After masking off the parts of the copper-clad board you want to keep, you need to remove the parts you don't want to keep. This is usually done by chemically etching away the copper. There are a lot of different chemical techniques for doing this, each with its own advantages and drawbacks.
None of these chemicals is incredibly dangerous, but they can all be toxic or caustic, and should be treated with care. Eye protection and gloves are a very good idea. Before you start, make sure you know how dangerous each chemical is, and figure out what you will need to do if you spill it or get it on yourself. Washing with plenty of water is usually a good start. For some chemicals you may want to keep a neutralizing agent handy. An MSDS (Materials Safety Data Sheet) for the chemical will give you some basic information.
This is the most common hobbyist etchant. Ferric chloride, FeCl3, is a brownish substance. It's usually sold in a bottle (dissolved in water, perhaps with a little acid or peroxide) or as a powder (which you have to dissolve in water).
When in solution, ferric chloride is a ferric ion (Fe3 ) and a chloride ion (Cl-). The ferric ion reacts with the metallic copper on the circuit board in a redox reaction, producing a ferrous ion (Fe2 ) and cuprous or cupric (Cu1 or Cu2 ) copper. The chlorine is just along for the ride. The copper ion, unlike the metallic copper, is soluble, so it leaves the circuit board and goes into solution. The reaction products form a black sludge which settles to the bottom of the etching tank. After etching enough copper, all your Fe3 is used up and your solution is full of Cu1 , and you need to get more etchant.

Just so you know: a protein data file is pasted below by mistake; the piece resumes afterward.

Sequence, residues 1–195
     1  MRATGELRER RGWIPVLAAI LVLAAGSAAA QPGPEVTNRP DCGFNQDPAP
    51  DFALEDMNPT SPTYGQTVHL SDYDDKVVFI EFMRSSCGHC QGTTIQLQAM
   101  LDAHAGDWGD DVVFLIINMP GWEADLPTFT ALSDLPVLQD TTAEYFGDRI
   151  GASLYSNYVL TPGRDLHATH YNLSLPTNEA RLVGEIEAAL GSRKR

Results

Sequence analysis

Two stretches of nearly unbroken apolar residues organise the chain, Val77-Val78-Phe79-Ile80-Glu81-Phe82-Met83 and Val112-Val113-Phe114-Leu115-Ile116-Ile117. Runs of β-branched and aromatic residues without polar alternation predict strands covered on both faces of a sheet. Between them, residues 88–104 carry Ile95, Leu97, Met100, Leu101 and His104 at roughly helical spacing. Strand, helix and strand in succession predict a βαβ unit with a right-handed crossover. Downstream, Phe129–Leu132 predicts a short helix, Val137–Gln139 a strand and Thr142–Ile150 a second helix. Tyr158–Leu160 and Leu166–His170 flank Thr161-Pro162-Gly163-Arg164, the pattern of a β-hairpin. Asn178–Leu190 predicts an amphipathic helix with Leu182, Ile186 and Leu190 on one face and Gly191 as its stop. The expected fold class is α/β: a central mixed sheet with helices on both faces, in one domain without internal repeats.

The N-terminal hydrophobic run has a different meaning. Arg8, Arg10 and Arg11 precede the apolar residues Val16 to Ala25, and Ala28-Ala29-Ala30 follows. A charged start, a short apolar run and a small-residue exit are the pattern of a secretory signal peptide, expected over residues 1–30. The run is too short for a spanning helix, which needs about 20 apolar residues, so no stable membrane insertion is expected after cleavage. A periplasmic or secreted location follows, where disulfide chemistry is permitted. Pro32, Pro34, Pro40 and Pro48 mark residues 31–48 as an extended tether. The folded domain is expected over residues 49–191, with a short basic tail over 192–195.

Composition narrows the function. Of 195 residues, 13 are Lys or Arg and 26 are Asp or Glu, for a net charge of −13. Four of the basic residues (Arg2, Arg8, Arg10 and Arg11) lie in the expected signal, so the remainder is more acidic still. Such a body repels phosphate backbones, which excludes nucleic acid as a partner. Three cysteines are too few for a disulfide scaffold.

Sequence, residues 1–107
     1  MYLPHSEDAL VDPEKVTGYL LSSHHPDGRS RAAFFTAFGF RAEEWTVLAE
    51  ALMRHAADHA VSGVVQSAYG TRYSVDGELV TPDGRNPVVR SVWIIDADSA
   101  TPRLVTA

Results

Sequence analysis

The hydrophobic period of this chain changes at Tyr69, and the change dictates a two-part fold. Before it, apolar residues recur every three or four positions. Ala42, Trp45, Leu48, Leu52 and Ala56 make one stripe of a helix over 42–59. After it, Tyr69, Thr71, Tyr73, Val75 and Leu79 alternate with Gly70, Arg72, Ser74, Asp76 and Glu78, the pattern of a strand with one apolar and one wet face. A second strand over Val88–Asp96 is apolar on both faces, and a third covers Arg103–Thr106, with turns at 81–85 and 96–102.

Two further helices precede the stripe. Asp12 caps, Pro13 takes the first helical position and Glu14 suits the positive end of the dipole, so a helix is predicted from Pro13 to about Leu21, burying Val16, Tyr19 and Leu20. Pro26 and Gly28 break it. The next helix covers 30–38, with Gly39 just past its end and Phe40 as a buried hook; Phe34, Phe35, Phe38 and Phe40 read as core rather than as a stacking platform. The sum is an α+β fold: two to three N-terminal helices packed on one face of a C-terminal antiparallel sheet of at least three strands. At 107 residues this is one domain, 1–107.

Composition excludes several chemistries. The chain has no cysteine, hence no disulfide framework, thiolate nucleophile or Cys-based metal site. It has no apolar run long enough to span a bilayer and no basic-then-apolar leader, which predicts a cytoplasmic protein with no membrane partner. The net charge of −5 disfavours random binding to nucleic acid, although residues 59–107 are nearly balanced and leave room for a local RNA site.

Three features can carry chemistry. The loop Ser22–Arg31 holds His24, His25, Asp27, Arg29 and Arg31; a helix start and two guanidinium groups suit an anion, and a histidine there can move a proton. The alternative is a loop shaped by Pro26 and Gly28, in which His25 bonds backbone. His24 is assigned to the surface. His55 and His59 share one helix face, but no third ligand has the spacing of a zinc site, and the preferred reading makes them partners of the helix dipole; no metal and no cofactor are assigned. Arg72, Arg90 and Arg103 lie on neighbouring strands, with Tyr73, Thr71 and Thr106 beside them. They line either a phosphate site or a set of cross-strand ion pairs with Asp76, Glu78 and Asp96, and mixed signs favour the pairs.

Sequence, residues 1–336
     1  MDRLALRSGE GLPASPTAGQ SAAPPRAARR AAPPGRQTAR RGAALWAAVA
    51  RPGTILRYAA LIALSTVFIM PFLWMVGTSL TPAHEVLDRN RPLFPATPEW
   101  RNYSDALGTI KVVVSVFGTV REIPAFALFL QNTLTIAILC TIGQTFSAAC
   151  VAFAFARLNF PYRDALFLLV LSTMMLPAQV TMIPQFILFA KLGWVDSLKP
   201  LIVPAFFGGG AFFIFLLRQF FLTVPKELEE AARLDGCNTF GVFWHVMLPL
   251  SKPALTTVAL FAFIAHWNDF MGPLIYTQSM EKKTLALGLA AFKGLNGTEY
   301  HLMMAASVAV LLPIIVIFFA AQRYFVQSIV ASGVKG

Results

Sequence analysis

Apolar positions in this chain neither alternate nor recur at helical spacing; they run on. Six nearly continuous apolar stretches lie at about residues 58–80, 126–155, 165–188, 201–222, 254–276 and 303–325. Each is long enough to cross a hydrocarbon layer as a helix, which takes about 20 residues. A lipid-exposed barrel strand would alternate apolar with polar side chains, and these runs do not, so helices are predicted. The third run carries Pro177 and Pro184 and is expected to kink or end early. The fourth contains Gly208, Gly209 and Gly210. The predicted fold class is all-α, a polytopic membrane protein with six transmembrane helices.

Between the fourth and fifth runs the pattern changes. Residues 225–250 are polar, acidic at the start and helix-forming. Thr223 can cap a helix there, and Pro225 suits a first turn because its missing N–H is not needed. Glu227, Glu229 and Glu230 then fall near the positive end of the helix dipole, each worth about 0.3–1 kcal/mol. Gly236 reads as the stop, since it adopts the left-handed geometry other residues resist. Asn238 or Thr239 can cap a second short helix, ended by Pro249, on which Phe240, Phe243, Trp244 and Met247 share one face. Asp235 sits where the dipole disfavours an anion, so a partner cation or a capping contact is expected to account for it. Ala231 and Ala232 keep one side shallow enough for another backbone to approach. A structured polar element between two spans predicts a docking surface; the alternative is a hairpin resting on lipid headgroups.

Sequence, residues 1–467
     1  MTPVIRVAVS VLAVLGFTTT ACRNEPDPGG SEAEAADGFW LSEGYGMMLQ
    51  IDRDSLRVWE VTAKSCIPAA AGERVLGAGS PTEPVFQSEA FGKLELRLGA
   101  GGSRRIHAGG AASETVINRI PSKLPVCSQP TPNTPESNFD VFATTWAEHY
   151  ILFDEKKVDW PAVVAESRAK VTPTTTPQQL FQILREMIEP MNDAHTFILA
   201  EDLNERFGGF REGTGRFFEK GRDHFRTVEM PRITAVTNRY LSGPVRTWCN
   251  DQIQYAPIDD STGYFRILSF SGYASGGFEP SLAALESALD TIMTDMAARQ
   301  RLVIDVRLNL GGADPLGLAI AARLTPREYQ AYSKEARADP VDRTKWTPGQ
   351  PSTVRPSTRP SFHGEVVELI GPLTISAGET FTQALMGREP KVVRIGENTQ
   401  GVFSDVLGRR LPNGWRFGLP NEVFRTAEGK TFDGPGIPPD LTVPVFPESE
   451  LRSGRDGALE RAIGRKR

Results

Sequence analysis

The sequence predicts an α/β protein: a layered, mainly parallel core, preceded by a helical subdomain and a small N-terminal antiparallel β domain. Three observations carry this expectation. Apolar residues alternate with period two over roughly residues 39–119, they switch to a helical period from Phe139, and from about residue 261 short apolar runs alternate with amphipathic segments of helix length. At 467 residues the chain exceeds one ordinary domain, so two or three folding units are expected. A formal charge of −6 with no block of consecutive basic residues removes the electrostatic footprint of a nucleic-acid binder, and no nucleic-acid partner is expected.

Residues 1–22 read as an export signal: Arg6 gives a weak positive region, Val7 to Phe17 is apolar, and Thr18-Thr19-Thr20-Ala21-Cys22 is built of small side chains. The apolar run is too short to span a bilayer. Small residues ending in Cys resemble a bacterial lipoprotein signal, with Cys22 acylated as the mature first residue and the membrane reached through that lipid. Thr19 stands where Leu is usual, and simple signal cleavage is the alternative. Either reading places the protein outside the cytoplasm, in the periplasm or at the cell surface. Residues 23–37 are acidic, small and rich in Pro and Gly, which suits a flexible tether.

Expensive & hard to control and optimize the process parameters (such as specific gravity & pH value).
More environmentally friendly than ferric chloride. Can monitor the etching as initially clear new etchant solution turns blue from the copper ions.
Acid Cupric Chloride
Dead simple etchant made from ordinary, store-bought chemicals (hydrochloric acid and hydrogen peroxide). Has the advantage that it can be regenerated by bubbling oxygen/air through it, or by adding more H2O2. In addition, it doesn't get used up: the etchant bath simply grows with use (kind of like sourdough starter…) The used etchant also makes a great algecide/pH reducer for your pool (and a whole lot cheaper than that stuff they sell at the pool store).
What you need:
- 38% Hydrochloric Acid, HCl (available at finer hardware stores or pool supply stores as Muriatic Acid)
- 3% Hydrogen Peroxide, H2O2 (available from any drug store)
- Plastic or Glass Pans, Jars, and tongs (no metal)
- Mix your HCl and H2O2 1:1 in a non-metalic container, making sure to add the acid slowly to the H2O2. DO NOT ADD THE H2O2 TO THE ACID!!!
- After you've masked your board, dip it in the solution and constantly agitate. You should notice a dark green cloud start to come from the board almost immedately which quickly dissapears or turns lighter as it gets further from the surface of the board.
- Etching should take about 10min depending on the temperature and how well you agitated the etchant. When all of the copper is gone, dip in water to wash off any stray etchant and stop the reaction.
- When done etching, save used etchant in a non-metalic container and mark clearly its contents.
- If your etchant has become a dark, murky green color, add a little bit of H2O2 or bubble air/O2 through the solution to regenerate it back to a light, transparent green color.
See links at bottom for more information on the chemistry and some pictures of the process.
Flushing used etchant down the drain is a bad idea (and usually illegal) because copper ion is toxic. The usual recommended way to dispose of hobbyist amounts of etchant is to convert it to a solid somehow and dispose of the solid in the trash.
- Kepro Circuit Systems Removal of Copper and Persulfate from Spent Sodium Persulfate Etchant by Precipitation